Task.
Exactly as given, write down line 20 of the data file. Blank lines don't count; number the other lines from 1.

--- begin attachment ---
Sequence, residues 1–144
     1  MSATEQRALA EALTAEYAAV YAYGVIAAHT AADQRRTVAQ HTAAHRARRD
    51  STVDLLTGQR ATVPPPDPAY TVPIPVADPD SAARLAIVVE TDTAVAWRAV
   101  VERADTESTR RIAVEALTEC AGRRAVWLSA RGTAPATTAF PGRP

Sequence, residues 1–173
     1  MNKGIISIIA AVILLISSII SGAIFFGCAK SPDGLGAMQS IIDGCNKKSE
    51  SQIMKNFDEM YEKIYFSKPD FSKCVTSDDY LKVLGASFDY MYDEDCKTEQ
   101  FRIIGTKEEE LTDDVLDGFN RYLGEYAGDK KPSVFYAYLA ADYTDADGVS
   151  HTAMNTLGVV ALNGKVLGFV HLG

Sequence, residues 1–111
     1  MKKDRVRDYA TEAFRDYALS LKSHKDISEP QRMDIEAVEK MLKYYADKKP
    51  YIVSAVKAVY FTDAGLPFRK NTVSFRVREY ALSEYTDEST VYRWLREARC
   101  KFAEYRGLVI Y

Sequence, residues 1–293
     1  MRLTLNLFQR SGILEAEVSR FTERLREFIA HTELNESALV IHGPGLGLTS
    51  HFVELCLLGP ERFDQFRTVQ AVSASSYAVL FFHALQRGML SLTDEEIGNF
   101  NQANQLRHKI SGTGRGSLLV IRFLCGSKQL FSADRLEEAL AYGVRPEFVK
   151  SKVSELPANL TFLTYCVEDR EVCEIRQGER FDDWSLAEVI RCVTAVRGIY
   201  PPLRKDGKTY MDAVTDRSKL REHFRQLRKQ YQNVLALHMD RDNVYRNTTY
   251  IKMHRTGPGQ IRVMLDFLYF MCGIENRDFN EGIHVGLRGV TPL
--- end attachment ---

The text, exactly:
   251  IKMHRTGPGQ IRVMLDFLYF MCGIENRDFN EGIHVGLRGV TPL